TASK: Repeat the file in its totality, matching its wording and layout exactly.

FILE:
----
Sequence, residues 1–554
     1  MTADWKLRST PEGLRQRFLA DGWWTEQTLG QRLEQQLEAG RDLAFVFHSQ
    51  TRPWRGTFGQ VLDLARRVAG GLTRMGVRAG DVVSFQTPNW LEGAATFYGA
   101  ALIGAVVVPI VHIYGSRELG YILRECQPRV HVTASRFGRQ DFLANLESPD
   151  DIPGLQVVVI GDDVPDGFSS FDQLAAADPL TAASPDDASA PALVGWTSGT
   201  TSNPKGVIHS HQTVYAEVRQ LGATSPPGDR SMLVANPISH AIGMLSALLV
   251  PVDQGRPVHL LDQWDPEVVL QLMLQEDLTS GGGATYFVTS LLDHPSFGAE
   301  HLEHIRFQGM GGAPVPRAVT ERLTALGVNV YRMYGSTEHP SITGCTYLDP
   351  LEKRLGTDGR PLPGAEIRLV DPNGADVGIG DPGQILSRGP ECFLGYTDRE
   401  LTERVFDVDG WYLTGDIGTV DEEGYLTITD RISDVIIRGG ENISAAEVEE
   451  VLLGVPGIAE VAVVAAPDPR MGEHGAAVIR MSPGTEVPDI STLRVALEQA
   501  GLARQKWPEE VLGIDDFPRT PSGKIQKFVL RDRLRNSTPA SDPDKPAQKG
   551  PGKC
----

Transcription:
Sequence, residues 1–554
     1  MTADWKLRST PEGLRQRFLA DGWWTEQTLG QRLEQQLEAG RDLAFVFHSQ
    51  TRPWRGTFGQ VLDLARRVAG GLTRMGVRAG DVVSFQTPNW LEGAATFYGA
   101  ALIGAVVVPI VHIYGSRELG YILRECQPRV HVTASRFGRQ DFLANLESPD
   151  DIPGLQVVVI GDDVPDGFSS FDQLAAADPL TAASPDDASA PALVGWTSGT
   201  TSNPKGVIHS HQTVYAEVRQ LGATSPPGDR SMLVANPISH AIGMLSALLV
   251  PVDQGRPVHL LDQWDPEVVL QLMLQEDLTS GGGATYFVTS LLDHPSFGAE
   301  HLEHIRFQGM GGAPVPRAVT ERLTALGVNV YRMYGSTEHP SITGCTYLDP
   351  LEKRLGTDGR PLPGAEIRLV DPNGADVGIG DPGQILSRGP ECFLGYTDRE
   401  LTERVFDVDG WYLTGDIGTV DEEGYLTITD RISDVIIRGG ENISAAEVEE
   451  VLLGVPGIAE VAVVAAPDPR MGEHGAAVIR MSPGTEVPDI STLRVALEQA
   501  GLARQKWPEE VLGIDDFPRT PSGKIQKFVL RDRLRNSTPA SDPDKPAQKG
   551  PGKC